to be inspected by the woman behind
the glass; you see now you should have brought them in
a plastic bag marked with your friend’s name like the
woman in front of you did & you make a
… prevents me from pushing the comparison beyond rhetorical goodwill. The language is boring, and it is boring for the usual reasons poets’ language is boring: wilful failure to look at the world and to account for it as accurately and as responsibly as can be managed, quickening syntax by listening to its rhythms and enlivening diction by calling things their proper names. In such a light I found Freegard most interesting when she dipped her toes in Ronald Johnson’s territory, as for instance in the second section of ‘Hothouse’:
Phalaenopsis waits in her wimple, bride white
lips lined red and parted
(but only the air gets closer)
– though that ‘bride’ seems all too wilful – and in the pure noun-fest of ‘Desert song’.
There is a world out there, one in which Freegard takes an alarming lack of interest, and when she does it is only when she has a direct stake in it (though with all those unattributed pronouns, it’s hard to know who is doing what to whom). When the eponymous glass rooster, perhaps a kinder, gentler incarnation of Ted Hughes’ Crow, informs the reader that ‘I am not made of concrete, no. I am not made of sand. Nor of light, nor air’, I can only say I agree with him in the strongest possible terms and to suggest that he is made from nothing but the fiat of the mind of Janis Freegard.
Zoo staff were comforting (and reassuring)
the distraught parents. Beyond dispute,
a sign clearly warned that if you fed the
animals you would be fed to the
animals. Major beneficiaries of
this policy – and morale seemingly quite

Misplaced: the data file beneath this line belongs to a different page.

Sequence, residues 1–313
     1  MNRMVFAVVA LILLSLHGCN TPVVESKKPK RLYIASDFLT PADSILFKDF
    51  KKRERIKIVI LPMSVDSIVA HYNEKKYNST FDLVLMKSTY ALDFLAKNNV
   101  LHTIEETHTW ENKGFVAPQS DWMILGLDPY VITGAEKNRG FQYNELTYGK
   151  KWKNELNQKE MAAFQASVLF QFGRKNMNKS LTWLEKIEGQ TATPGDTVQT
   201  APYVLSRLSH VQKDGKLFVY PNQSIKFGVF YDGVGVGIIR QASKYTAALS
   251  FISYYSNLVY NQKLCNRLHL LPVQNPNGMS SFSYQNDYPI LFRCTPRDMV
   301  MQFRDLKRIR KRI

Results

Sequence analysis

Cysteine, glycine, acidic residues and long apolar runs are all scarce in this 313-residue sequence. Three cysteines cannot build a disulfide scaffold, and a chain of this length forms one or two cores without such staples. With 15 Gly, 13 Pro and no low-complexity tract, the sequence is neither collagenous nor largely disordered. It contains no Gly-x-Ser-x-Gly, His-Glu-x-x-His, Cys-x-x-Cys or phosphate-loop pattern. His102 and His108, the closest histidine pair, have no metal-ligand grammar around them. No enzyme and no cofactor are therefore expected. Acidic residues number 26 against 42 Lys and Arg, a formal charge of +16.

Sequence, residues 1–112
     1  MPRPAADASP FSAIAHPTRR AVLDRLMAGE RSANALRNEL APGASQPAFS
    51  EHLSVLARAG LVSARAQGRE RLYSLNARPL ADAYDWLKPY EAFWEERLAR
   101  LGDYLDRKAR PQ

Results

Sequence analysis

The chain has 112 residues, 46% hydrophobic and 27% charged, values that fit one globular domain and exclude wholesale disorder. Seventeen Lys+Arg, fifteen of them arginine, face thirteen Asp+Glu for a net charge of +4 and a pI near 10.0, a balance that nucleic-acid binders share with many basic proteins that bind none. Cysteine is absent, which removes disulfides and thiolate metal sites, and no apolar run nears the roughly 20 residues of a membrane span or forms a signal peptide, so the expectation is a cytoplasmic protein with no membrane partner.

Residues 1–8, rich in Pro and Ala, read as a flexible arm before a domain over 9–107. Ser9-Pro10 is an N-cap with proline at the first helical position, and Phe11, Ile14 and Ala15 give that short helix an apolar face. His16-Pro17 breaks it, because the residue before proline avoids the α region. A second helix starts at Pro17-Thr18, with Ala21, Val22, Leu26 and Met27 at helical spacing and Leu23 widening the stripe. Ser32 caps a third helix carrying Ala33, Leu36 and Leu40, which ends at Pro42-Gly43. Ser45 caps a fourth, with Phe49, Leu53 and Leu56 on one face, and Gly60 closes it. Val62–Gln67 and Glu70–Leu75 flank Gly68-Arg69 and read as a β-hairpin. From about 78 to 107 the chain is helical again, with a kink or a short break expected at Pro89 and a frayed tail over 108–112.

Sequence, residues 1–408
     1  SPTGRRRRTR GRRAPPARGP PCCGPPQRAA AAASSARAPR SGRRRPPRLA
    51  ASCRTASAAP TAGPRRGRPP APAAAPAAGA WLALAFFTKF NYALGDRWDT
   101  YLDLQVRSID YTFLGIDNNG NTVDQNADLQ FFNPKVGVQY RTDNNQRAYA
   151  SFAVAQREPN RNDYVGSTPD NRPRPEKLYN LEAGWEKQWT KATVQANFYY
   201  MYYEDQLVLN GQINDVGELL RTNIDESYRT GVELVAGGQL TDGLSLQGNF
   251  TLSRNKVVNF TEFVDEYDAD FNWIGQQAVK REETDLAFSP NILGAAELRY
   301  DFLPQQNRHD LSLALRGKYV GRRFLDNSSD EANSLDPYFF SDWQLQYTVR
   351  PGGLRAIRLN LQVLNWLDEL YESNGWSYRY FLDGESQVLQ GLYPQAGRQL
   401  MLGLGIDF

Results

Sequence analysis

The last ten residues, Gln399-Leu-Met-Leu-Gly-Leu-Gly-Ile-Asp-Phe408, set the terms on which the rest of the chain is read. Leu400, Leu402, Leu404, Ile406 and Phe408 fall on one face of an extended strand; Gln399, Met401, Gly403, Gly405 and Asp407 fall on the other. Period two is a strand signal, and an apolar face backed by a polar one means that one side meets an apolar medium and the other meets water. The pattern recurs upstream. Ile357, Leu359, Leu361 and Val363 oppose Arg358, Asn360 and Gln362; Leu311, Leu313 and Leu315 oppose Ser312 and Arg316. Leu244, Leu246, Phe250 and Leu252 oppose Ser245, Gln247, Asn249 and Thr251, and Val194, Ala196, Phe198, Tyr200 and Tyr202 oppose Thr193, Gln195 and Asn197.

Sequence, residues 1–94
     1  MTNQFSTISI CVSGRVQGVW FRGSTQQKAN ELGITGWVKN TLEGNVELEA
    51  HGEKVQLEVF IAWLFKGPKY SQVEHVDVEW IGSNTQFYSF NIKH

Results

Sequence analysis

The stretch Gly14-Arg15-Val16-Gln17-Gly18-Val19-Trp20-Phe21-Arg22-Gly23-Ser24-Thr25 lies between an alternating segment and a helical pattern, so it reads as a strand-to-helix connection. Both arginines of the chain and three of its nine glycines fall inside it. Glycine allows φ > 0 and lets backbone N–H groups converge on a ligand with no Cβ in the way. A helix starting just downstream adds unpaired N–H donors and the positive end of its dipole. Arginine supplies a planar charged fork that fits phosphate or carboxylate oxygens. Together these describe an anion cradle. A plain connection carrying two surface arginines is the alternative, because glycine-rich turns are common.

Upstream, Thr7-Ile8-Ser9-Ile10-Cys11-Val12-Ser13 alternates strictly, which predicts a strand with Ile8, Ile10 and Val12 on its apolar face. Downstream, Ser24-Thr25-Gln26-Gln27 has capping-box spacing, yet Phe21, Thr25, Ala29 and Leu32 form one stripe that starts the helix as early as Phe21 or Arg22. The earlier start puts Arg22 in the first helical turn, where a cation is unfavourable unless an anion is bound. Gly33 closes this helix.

restored after the damage done it by
installation of a ‘close encounters’
window – the lions were roaring lustily
in front of the (packed) observation
chamber. Two keepers seized the boy, ready to
swing him over the rail. ‘I won’t feed the
animals anymore,’ he hollered, a quite
transparent lie in the circumstances.
Jerusalem Sonnets, Love, Wellington Zoo, David Beach’s fourth book, from which the poem above (‘Wellington Zoo 44’) is taken, displays a charmingly disarming lack of development; indeed, little has changed whatsoever, for either good or ill, since I last reviewed one of his books here. It contains four quasi-sonnets of droll observation on Baxter’s Jerusalem Sonnets, four of droll reflections on love in general, and 50 of droll fantasy, frippery and snook-cocking about (as it were) Wellington Zoo. ‘Wellington Zoo 44’ is characteristic of the book, though the same could be said of any of its conveyer-belt 14-liners: parenthetic canard spiking, convoluted committee-room syntax, which often trips over its own feet, mock- instead of scare-quotes, and a flat but anachronistic diction bringing to mind late-Victorian stories for Boys and Girls.
Flipping back to ‘Wellington Zoo 42’, one finds another typically dry but involute example of Beach’s mind in action: ‘However essential a part of a zoo’s charter keeping the animals well-nourished, this could diminish the spectacle at feeding time, as was made clear by a dingo, sleek, obviously never needed to hunt a day in its life, which seemed ready to disappoint for ever the small crowd waiting to watch it tuck into a hair, hide and all slab of meat, and only at last closing its jaws upon the meal to move it to another spot, from where the dingo favouring its audience with an unruffled grin that suggested its hunting skills still present, just sublimated.’ This is the whole poem with its line breaks removed. Make of it what you can. Here, in addition to the characterises I have already mentioned, there are clichés set slightly askew, ambiguous punctuation, suspended or absent verbs, and possibly intentional typos (… to disappoint for ever the …)